James G Tidball

Professor, Integrative Biology And Physiology, University of California Los Angeles

Professor, Pathology and Laboratory Medicine, University of California Los Angeles

(310) 206-3395

Terasaki Life Science Building
Molecular, Cellular & Integrative Physiology Program
Los Angeles, CA 90095 Dept of Pathology and Laboratory Medicine
Los Angeles, CA 90095

Office Phone Number:
(310) 206-3395

Research in the Tidball lab is directed toward understanding processes that regulate skeletal muscle wasting and regeneration. Exploring the mechanisms through which the immune system can modulate skeletal muscle wasting, injury, regeneration and growth is a particular focus of the lab. Discoveries in the our lab over the past 25 years have shown that immune cells, especially myeloid cells, play a major role in modulating muscle injury and repair that occur in chronic, muscle wasting diseases and following acute injuries. For example, our findings have shown that macrophages and eosinophils are key effector cells in the pathogenesis of Duchenne muscular dystrophy. Ongoing investigations in the lab are revealing the identity of specific molecules released by myeloid cells that promote muscular dystrophy. However, discoveries in our lab have also shown that regulatory interactions between cytotoxic, M1 macrophages in dystrophic muscle and anti-inflammatory, M2 macrophages are important in regulating the balance between the death of dystrophic muscle and regenerative processes. This work showed that the experimental manipulation of the balance between the functions of M1 and M2 macrophages can affect the severity of muscular dystrophy, suggesting that manipulation of macrophage phenotype in vivo may have potential therapeutic value for the treatment of the disease. We are now building on those findings in an NIH-funded preclinical investigation in which we are testing whether pharmacological manipulations of co-stimulatory signals that macrophages provide to T-lymphocytes can attenuate the pathology of muscular dystrophy. Other NIH-funded investigations in our lab explore epigenetic mechanisms through which an anti-aging protein called Klotho affects myogenesis and muscle regeneration in neonatal and aging muscle. We are also determining how those Klotho-driven epigenetic regulatory influences affect muscle growth following acute muscle injury or exercise.


Member, Brain Research Institute

Research Interests

Much of the research in my lab concerns the cell biology of muscle disease. We are particularly interested in the pathophysiology of muscular dystrophy that is caused by null mutations of the gene that encodes the membrane associated protein called dystrophin. Loss of dystrophin from humans causes the lethal, progressive disease called Duchenne muscular dystrophy (DMD). Although loss of dystrophin is the primary cause of DMD, the resulting muscle pathology is difficult to interpret in the simple context of loss of a single structural protein. Instead, current evidence tells us that the secondary loss of other, dystrophin-associated proteins is important in causing many of the pathological features of the disease. One of these dystrophin-associated proteins, called nitric oxide synthase (NOS), produces the important regulatory molecule NO, and its loss can result in misregulation of many vital processes and thereby contribute to the pathology of muscular dystrophy. Much of our current work is directed toward understanding the functions of NO in muscle and the relationships between NO defects and muscular dystrophy. We have also learned through our recent studies that the immune system contributes importantly to promoting the pathology of muscular dystrophy. We have found that both lymphoid and myeloid cells increase the death of dystrophic muscle, which suggests that immune-based therapeutics may provide a new approach to treating muscular dystrophy. Our continuing work on this project is directed toward elucidating the mechanisms through which the immune system, especially myeloid cells, causes death of dystrophic muscle. In addition, we are exploring the possibility that other subpopulations of myeloid cells may also promote regeneration of injured tissue, and provide insights into new therapeutic strategies.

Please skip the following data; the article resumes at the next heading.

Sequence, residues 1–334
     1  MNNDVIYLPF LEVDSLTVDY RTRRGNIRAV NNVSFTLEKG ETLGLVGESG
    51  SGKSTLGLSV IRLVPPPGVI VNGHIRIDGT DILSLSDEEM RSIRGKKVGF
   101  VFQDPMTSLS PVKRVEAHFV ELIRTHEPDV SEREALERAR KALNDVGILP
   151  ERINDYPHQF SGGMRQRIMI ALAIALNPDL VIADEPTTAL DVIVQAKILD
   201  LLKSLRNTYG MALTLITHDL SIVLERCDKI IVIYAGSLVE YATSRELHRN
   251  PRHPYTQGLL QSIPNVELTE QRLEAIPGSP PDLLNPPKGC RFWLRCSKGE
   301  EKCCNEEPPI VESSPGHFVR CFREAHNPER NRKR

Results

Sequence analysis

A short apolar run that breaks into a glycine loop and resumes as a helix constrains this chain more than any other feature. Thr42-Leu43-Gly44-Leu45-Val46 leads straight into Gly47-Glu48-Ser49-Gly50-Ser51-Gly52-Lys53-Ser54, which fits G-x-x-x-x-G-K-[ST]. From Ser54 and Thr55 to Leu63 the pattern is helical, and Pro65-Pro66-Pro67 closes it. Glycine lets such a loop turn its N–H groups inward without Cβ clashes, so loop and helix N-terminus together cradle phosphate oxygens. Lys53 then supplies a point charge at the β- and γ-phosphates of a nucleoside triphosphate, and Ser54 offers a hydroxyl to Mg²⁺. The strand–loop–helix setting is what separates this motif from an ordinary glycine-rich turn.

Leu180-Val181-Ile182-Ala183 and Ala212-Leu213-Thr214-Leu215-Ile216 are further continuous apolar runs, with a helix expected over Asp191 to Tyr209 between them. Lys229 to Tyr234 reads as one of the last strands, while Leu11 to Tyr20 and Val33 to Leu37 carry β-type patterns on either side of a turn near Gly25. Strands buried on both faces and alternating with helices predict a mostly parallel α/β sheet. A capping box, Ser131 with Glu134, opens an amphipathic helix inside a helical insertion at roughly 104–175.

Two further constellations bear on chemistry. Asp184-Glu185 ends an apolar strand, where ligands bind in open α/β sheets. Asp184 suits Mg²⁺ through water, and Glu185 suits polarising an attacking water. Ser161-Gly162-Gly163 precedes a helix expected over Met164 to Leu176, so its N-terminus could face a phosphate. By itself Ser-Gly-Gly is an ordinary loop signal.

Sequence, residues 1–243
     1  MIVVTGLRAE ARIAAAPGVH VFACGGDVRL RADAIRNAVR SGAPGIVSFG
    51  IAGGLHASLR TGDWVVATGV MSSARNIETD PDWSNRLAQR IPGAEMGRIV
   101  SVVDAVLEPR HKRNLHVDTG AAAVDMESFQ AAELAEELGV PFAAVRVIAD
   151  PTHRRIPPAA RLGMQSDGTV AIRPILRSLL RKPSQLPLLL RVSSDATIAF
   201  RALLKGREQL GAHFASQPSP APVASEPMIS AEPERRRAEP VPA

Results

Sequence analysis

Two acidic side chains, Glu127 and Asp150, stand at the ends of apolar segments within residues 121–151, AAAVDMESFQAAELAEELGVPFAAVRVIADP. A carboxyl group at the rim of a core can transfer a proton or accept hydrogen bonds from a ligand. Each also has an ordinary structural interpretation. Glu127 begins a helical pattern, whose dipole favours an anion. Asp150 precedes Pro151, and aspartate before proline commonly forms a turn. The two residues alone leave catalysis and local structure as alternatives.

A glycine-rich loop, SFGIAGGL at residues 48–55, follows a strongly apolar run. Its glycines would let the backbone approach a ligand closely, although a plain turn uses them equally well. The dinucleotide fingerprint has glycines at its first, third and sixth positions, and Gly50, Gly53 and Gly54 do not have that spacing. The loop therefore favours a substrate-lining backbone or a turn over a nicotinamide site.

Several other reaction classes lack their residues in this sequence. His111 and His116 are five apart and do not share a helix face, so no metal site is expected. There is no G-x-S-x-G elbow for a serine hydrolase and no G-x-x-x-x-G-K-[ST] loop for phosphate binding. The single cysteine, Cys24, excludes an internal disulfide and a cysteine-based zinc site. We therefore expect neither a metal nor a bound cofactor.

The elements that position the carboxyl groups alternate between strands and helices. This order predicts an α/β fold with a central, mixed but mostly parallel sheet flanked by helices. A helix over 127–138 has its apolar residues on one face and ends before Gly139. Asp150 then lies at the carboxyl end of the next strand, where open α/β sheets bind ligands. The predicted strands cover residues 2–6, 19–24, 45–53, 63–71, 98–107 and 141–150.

Interactions between skeletal muscle and the immune system. A major project in our lab concerns the pathophysiology of muscular dystrophy (dystrophinopathy). Our research has shown that the immune system plays an important role in influencing the severity of muscular dystrophy, and that immune-based interventions can significantly reduce dystrophic muscle pathology and promote muscle regeneration. Our continuing efforts are directed toward identifying the key effector cells and molecules involved in influencing the course of the disease, and examining the interplay between those effectors. Our technical approaches include the generation and analysis of transgenic, dystrophic mice so that the effects of increased or decreased expression of selected effector molecules can be assessed. We also examine the systemic effects of experimental depletions of selected immune cell populations and the efficacy of selected, pharmaceutical interventions on the progress of the disease. In other studies, we are studying the mechanisms through which the immune system influences the wasting of skeletal muscle that occurs during aging, a process called sarcopenia. We are particularly interested in identifying the mechanisms through which specific populations of myeloid cells affect muscle wasting and regeneration, and identifying strategies to slow the wasting process.